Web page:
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Agostini and Bacon
issues and high costs. AR technology can help reduce the problems
inherent to this lack of visibility, since it is critical that workers see
exactly what they will be building or drilling into before they even
pick up their tools. Rather than going in blind and waiting for permission, AR empowers the construction worker to make real-time
decisions without wasting time or resources. One example of this
innovation is the DAQRI smart helmet, which allows workers to
experience a 3D environment within any wall. By using this type
of technology, overall safety, continuity of service and efficiency
improves on site.
Visualizing Impact of Projected Design
In addition to offering workers added insight into what is within the
walls on-site, AR can also provide a visualization of each stage of the
construction project by superimposing the design plans onto the
In this same capacity, AR helps avoid much of the downtime on
project that is due to waiting for inspectors to confirm if the next
phase is doable. By projecting holographic images into the existing
physical environment, the inspectors and contractors can quickly and
accurately determine the potential impact of every screw, nail and
bolt on the current design. Take the Microsoft Hololens, for instance.
When one Rhode Island construction worker put the lens on, he
saw that the steel frames he originally planned to order to support
the walls were too long to fit the design. Since this issue was spotted
ahead of time, the company was able to cut the frames shorter before
any building even begun, saving them nearly $5,000. Clearly understanding the impact of a projected design proves critical in cutting
costs, saving time and improving overall accuracy, and AR facilitates
Guiding Workers through Tasks
AR offers the ability to guide workers through every construction
task, whether they're onsite or not. The combination of AR and
guided repair allows each step to be presented to the worker through
annotated workflows and instructions superimposed on reality. This
offers major efficiency advantages, allowing workers to focus fully
on the task at hand, compared to a more traditional approach where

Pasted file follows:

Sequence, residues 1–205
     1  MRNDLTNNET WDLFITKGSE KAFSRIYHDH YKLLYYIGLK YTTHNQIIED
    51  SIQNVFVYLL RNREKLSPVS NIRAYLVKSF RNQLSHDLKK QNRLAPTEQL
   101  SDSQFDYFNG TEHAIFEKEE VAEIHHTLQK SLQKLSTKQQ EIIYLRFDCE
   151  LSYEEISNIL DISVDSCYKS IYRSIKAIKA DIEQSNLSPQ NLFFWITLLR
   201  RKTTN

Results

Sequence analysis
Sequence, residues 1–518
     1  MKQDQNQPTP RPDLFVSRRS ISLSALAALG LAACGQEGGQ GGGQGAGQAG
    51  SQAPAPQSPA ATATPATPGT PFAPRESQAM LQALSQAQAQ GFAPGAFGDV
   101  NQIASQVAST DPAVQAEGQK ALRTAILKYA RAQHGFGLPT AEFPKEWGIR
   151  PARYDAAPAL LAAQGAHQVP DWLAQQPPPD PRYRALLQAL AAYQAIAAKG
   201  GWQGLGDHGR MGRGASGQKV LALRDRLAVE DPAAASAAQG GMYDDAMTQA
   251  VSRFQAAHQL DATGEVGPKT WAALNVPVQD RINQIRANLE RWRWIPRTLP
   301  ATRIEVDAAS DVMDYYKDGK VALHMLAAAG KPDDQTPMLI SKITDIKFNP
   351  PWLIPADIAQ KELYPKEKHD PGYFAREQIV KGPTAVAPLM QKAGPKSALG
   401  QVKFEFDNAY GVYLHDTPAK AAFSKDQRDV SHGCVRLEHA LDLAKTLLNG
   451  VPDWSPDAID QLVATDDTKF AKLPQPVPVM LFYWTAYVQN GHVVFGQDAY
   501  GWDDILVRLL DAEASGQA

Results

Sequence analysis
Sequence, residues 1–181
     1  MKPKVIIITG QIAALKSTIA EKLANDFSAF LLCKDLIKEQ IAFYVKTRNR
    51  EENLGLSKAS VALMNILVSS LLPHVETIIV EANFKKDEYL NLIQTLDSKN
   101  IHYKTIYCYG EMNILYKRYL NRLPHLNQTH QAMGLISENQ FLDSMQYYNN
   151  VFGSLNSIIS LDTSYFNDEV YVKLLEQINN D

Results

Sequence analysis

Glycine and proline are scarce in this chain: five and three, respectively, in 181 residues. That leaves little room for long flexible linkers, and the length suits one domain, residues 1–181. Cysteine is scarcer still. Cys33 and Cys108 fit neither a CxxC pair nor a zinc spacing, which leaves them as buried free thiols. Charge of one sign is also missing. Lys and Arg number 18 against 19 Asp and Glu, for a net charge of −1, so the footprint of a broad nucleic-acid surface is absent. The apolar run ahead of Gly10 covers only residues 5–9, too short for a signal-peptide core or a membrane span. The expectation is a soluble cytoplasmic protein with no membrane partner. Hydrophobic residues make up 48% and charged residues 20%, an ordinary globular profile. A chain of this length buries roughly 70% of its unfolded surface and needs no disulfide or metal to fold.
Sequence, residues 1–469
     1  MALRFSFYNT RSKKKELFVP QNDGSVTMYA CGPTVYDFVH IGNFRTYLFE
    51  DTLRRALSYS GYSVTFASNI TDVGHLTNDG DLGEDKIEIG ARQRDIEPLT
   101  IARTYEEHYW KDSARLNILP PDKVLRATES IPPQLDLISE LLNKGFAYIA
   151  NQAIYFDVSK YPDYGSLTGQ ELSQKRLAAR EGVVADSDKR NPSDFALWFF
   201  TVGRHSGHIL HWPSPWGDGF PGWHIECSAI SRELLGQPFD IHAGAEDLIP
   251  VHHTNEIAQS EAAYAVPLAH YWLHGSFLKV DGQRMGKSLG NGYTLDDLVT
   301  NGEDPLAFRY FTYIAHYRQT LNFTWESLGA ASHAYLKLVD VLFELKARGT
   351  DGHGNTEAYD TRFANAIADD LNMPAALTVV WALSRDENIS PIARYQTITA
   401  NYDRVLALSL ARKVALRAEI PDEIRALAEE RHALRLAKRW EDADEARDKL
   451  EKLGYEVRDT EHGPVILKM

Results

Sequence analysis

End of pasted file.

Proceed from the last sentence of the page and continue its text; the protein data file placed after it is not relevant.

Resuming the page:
they may need to constantly step away from their work to consult
paper documentation, adversely impacting productivity.
Guided repair enables workers the advantage of guidance through
tasks they're less familiar with without the need to return for a second
time or have another technician visit the site. In the event that the
worker needs help on an ad hoc basis from a colleague, AR enables a
remote expert to see the job through the eyes (or AR goggles) of the
worker and annotate the view to give specific visual guidance. Before
the availability of AR, projects typically had a foreman on site who was
and Bacon Construction
can take on large jobs.
Kitchell - Solano
Kitchell is working on
three college buildings.
Agostini and Bacon
Fraser Construction - University of South Carolina Beaufort
Hospitality Management School
Bancroft Construction Co.
NearMap US Inc.
Kitchell - Solano Community
responsible for ensuring the plans were being
interpreted correctly. With the help of AR technology, workers are provided with immediate
access to the foreman's expertise, avoiding
interpretation errors and potential delays.
There are many benefits to using AR technology in the construction world including
increased safety and productivity, reduced
downtime and correct adherence to design
to name just a few. As the construction
sector continues on its quest for new ways
to streamline processes, augmented reality
and other innovations will step into a much
larger and more impactful role.
Steve Smith is vice president of strategic verticals at ClickSoftware. For more
information, visit www.clicksoftware.com.
NOVEMBER 2017 CONSTRUCTION-TODAY.COM